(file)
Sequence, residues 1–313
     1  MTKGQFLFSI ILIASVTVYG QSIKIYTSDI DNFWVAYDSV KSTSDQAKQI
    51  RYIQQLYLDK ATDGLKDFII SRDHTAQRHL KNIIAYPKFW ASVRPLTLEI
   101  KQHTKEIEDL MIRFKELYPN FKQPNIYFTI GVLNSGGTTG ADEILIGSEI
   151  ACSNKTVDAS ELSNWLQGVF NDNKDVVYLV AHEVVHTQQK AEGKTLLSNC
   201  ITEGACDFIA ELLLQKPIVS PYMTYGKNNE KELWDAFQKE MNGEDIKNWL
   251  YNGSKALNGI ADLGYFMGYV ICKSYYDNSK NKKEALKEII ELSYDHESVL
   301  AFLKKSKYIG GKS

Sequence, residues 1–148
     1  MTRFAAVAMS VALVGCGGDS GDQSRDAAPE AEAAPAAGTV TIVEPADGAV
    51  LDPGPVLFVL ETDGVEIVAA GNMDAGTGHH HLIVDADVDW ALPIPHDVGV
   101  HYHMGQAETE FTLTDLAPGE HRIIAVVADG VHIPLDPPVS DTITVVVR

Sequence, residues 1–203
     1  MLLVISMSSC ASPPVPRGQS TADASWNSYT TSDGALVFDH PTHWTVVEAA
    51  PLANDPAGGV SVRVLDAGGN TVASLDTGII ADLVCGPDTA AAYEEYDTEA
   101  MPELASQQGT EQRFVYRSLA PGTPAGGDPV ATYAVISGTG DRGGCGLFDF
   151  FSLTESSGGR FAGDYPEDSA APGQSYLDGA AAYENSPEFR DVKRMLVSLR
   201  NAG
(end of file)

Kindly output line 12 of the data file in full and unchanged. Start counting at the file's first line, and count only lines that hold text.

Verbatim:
   101  HYHMGQAETE FTLTDLAPGE HRIIAVVADG VHIPLDPPVS DTITVVVR